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Hyponatremia: A possible immuno-neuroendocrine interface with COVID-19 in a kidney transplant recipient.

Published Web Location Commons 'BY' version 4.0 license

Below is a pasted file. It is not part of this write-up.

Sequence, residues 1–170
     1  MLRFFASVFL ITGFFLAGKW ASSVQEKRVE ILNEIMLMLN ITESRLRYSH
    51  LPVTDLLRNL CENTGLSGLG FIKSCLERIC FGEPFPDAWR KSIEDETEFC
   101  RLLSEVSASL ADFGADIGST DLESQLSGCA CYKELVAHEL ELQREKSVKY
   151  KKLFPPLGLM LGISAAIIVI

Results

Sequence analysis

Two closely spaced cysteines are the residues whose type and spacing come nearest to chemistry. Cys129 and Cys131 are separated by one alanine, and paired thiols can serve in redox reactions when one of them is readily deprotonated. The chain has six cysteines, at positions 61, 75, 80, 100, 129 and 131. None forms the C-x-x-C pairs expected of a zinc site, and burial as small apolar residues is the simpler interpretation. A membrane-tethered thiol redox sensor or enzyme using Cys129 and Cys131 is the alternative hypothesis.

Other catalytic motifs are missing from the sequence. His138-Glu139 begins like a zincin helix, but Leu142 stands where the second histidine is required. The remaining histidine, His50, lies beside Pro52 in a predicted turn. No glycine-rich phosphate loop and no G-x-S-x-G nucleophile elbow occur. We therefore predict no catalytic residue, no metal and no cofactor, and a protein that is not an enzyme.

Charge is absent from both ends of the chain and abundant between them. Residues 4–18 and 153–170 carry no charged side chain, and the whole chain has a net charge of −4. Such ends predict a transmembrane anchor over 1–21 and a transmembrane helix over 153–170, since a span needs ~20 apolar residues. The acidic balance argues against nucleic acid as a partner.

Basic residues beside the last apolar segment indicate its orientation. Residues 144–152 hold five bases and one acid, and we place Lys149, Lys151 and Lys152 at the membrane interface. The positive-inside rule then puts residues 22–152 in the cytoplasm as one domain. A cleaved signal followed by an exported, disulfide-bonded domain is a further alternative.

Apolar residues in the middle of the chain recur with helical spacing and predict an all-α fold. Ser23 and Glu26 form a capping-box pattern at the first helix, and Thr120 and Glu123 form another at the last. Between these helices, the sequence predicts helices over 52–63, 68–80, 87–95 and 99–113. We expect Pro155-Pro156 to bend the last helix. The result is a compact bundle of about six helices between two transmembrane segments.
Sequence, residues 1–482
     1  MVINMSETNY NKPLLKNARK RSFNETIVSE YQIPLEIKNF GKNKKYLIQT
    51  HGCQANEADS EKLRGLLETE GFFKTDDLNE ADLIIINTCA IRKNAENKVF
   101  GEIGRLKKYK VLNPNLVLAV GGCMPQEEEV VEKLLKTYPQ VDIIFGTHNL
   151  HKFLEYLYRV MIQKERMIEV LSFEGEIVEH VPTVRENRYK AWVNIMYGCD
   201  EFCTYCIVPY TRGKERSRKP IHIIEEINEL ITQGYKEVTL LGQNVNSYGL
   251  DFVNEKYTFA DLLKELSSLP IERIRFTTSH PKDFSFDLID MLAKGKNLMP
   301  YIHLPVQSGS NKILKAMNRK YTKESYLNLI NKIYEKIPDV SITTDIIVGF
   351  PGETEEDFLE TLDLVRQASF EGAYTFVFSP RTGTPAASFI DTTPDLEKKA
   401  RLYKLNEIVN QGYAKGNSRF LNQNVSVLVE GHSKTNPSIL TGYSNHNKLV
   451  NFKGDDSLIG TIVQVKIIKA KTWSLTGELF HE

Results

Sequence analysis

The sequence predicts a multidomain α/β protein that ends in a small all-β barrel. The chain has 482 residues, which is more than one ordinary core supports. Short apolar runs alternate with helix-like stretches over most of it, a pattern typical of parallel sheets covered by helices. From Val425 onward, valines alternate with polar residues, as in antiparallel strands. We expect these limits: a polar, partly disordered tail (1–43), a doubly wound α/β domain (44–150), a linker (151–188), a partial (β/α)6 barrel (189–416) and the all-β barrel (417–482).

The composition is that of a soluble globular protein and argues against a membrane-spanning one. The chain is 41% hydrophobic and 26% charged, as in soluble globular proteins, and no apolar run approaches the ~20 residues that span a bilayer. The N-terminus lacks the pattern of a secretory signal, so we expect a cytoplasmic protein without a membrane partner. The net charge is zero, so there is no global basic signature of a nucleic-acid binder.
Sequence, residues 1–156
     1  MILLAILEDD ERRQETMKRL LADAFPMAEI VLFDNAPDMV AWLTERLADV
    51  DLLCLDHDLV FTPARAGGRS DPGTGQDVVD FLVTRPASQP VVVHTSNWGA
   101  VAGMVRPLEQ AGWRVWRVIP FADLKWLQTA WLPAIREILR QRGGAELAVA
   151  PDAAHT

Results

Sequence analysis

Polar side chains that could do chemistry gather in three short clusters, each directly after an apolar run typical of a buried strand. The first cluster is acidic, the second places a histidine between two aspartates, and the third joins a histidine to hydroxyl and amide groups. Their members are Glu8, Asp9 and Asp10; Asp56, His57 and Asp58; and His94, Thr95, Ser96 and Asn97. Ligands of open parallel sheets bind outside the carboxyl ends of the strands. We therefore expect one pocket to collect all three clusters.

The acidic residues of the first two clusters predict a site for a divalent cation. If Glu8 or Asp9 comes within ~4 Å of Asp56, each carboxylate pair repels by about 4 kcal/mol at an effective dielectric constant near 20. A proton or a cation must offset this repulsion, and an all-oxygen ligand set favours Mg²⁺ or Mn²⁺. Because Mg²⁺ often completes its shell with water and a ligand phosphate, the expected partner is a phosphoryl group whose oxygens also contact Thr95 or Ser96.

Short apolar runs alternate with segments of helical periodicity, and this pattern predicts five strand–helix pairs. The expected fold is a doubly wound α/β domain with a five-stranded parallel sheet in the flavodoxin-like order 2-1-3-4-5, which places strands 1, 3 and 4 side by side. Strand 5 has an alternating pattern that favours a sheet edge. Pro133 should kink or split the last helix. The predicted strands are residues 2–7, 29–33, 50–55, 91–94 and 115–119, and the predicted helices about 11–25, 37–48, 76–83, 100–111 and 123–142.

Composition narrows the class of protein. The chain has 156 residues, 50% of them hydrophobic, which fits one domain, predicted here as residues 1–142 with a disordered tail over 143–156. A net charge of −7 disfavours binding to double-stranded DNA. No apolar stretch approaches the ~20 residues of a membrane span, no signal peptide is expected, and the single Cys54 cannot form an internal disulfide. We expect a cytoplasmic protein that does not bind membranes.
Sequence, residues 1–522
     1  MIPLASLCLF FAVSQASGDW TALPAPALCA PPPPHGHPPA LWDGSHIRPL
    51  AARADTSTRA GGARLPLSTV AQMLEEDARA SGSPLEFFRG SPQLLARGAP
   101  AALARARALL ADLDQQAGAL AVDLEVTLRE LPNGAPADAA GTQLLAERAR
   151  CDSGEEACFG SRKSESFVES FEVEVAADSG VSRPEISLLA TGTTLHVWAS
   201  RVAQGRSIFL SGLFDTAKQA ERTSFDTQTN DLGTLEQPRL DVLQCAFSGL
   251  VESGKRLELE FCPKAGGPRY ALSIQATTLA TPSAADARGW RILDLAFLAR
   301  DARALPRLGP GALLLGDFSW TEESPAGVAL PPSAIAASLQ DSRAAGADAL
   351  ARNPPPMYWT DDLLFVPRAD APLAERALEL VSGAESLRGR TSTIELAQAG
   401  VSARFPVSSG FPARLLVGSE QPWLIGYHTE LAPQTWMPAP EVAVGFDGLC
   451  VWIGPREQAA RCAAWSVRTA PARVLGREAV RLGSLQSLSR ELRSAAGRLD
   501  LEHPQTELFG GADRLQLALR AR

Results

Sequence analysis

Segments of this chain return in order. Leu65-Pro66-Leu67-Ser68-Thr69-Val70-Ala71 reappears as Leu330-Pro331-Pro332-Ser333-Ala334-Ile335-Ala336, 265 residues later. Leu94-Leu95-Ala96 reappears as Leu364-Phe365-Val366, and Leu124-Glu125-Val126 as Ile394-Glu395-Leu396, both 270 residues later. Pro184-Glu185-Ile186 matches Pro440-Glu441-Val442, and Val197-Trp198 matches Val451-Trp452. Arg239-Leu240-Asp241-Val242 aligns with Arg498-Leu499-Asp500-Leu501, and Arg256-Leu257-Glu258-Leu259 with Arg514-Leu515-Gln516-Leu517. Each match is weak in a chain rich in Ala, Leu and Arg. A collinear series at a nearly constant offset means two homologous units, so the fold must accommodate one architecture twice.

There is fast-emerging, cumulative clinical data on coronavirus disease 2019 (COVID-19) in kidney transplant recipients. Although respiratory tract symptoms are often the initial presentation among kidney transplant recipients who contract COVID-19, other clinical features which may indicate underlying SARS-CoV-2-related inflammation, such as gastrointestinal symptoms, are not uncommon. Hyponatremia can develop and may reflect underlying inflammation. Interferon-6 is an important pro-inflammatory cytokine involved in the pathogenesis of severe COVID-19 complications and may play a role in the inappropriately higher secretion of antidiuretic hormone leading to hyponatremia. This pathway is the so-called immuno-neuroendocrine interface. Hyponatremia in COVID-19 has been reported in a few case series of non-kidney transplant patients and only one reported kidney transplant recipient. However, the clinical course and prognostic value of hyponatremia in this population are not described in detail. We report a kidney transplant recipient who was infected with COVID-19 and exhibited severe hyponatremia secondary to the syndrome of inappropriate antidiuretic hormone secretion. Hyponatremia is one of the clinical presentations of COVID-19, although less common, and may occur more frequently in kidney transplant recipients. Thus, the possible underlying immuno-neuroendocrine relationship related to the inflammatory process of COVID-19 leading to hyponatremia and its prognostic value are reviewed.

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